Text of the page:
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Humility: The Most Important Attribute of Leadership

By Josh Hendricks BSN, OCN

October 23, 2023
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Josh Hendricks discusses the importance of humility as a leader as he steps in for Dr. Barbara Schmidtman—vice president of cancer health operations at Corewell Health West, in the latest edition of her monthly leadership series. 

This week I was listening to an interview with a leader I greatly admire, and they were asked what the most important attribute of good leadership is. There are many to pick from and based on this leader’s area of expertise, I expected they would say grit, decisiveness, or even endurance. However, their answer was humility.

To understand humility, it may help to begin with a contrast. One of the antonyms of humility is arrogance. Arrogance is a sense of superiority. It’s origin in an individual may vary, but in the workplace, it is usually anchored in either insecurity, a lack of appreciation for others and the complexity of their work, or both. Arrogance produces other qualities such as stubbornness and a sense of superiority to others. It can also breed jealousy. An arrogant person opens themselves up to the fundamental attribution error—making the mistakes of others appear to be facilitated by their own laziness or ineptitude.

On the other hand, humility is by nature, always looking to learn. It promotes respect for the experience of others, including and even especially subordinates with the expertise a leader may not have. Humility also celebrates success—all success. To a truly humble person, other people’s successes are as welcome to them as their own. Watching Tiger Woods curve a golf ball around a tree onto the green is a delight. Only a jealous or malcontent person would scowl at that kind of skill. That principle applies to leadership. As a leader, when your team is on form, you should recognize and spotlight their success. But where does humility come from?

Where Humility is Rooted

One source of humility comes from an understanding of one’s own inadequacy. I want to be careful to point out, this is not a lack of confidence. Rather, it is a sense of realism rooted in the understanding that there are some problems that are too big for only one person to solve. Like cancer, and the human response to the threat of terminal cancer. As an oncology worker, if you think you can tackle cancer care on your own, you might not yet appreciate the enormity of the task you are up against. Real life, real care, outside of our models, is very complicated. Our best systems have to this day not proven sophisticated enough to match the complexity of the real humans we are asked to care for. Failures are bound to happen.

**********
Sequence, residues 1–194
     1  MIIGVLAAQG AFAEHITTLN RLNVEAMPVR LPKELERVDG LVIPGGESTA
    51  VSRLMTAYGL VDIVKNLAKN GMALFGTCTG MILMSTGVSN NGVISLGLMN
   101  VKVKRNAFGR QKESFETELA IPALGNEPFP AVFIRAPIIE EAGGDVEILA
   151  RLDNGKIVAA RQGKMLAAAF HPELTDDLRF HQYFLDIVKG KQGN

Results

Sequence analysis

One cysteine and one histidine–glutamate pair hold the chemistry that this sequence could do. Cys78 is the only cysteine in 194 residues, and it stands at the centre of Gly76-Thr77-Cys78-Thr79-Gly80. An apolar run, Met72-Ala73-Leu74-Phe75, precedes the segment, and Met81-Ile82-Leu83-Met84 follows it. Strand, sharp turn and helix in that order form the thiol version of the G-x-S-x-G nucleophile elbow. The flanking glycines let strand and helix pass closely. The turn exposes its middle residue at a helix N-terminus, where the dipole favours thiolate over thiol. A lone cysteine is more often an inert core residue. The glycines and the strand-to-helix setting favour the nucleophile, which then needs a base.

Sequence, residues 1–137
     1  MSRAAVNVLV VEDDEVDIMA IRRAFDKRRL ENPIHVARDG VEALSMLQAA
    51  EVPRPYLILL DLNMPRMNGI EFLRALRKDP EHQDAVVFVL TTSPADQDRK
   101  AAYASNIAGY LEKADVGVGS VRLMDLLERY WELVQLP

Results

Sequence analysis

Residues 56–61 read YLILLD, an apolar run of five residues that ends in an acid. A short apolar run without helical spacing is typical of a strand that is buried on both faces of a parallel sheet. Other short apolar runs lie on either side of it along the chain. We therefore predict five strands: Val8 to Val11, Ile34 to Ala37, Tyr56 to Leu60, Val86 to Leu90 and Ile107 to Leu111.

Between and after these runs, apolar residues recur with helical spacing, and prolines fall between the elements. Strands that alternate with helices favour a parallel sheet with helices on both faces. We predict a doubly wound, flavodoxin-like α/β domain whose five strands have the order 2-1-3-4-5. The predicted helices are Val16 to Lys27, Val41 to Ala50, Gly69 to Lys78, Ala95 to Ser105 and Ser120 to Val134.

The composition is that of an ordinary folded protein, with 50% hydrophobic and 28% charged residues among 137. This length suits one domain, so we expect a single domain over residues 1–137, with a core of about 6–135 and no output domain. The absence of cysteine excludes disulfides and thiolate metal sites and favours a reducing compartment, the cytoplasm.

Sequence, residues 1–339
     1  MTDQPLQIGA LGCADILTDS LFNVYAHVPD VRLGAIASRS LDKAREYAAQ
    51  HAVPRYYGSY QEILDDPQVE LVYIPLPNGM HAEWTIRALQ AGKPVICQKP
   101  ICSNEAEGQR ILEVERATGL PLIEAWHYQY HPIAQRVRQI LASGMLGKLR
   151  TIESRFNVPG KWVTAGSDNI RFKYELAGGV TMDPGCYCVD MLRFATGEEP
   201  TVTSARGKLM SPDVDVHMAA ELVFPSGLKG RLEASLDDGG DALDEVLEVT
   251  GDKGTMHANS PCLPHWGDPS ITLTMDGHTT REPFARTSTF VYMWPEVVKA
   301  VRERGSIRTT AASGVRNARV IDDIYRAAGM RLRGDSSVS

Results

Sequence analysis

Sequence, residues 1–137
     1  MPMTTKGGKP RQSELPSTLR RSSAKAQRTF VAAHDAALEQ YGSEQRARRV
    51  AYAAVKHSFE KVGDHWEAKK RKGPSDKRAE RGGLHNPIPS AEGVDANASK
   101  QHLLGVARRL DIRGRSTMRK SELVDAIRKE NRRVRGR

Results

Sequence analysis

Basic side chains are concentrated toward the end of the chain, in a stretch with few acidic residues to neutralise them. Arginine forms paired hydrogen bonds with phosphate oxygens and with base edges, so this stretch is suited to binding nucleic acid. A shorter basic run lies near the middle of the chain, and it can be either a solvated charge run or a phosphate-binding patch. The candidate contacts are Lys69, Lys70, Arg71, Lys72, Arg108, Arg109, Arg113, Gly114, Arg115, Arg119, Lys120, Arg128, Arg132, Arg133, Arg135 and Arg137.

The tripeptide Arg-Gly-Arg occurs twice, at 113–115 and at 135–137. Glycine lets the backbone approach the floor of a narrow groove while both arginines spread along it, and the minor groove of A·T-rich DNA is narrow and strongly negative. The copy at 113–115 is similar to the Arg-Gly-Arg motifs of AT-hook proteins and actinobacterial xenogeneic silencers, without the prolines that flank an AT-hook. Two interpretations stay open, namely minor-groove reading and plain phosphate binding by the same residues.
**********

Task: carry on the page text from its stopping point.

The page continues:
We are sometimes surprised by failure. I know I am, and I am still afraid of it on some level. But we shouldn’t be. If we never experience failure, we are probably not working on something big enough. The great key to humility is accepting the fact that the problem is enormous, that there is much outside of your control, and that to make any real difference requires putting your heart into what you are doing. So, what does humility look like in practice?

Advice To Consider

In 2019, I attended a conference with some fellow nurses and found I was seated next to the chief nursing officer at my hospital. She was someone who inspired trust and respect from the nearly 3,000 nurses who worked within our hospital system. She also oversaw operations for the hospital and many non-nursing departments. I had noticed she could run a meeting with focus and clarity while listening for 90% of the time. I shared this observation with her and asked how she had learned to listen so well. After a thoughtful pause she answered, “I oversee many spaces that are outside my area of expertise. I have to listen well in order to make good decisions." 

How about you? If you rated the most important leadership qualities, would humility make your list? If not, I hope it will in the future. It is how the mediocre become great and how the great stay teachable enough to become phenomenal.

Josh Hendricks BSN, OCN has worked in health care for more than 15 years, in many roles from Environmental Services, to Sterile Processing, to Nursing and now Leadership. He is currently an operations manager for Corewell Health West Michigan in Grand Rapids, MI. Mr. Hendricks previously earned a bachelor’s of science in Intercultural Studies from Kuyper College before discovering his calling as a nurse. People and culture remain professional fascinations that healthcare provides scope to explore. He has a passion for writing, especially writing that clarifies questions and inspires people to bear their burdens and accomplish their life’s mission.

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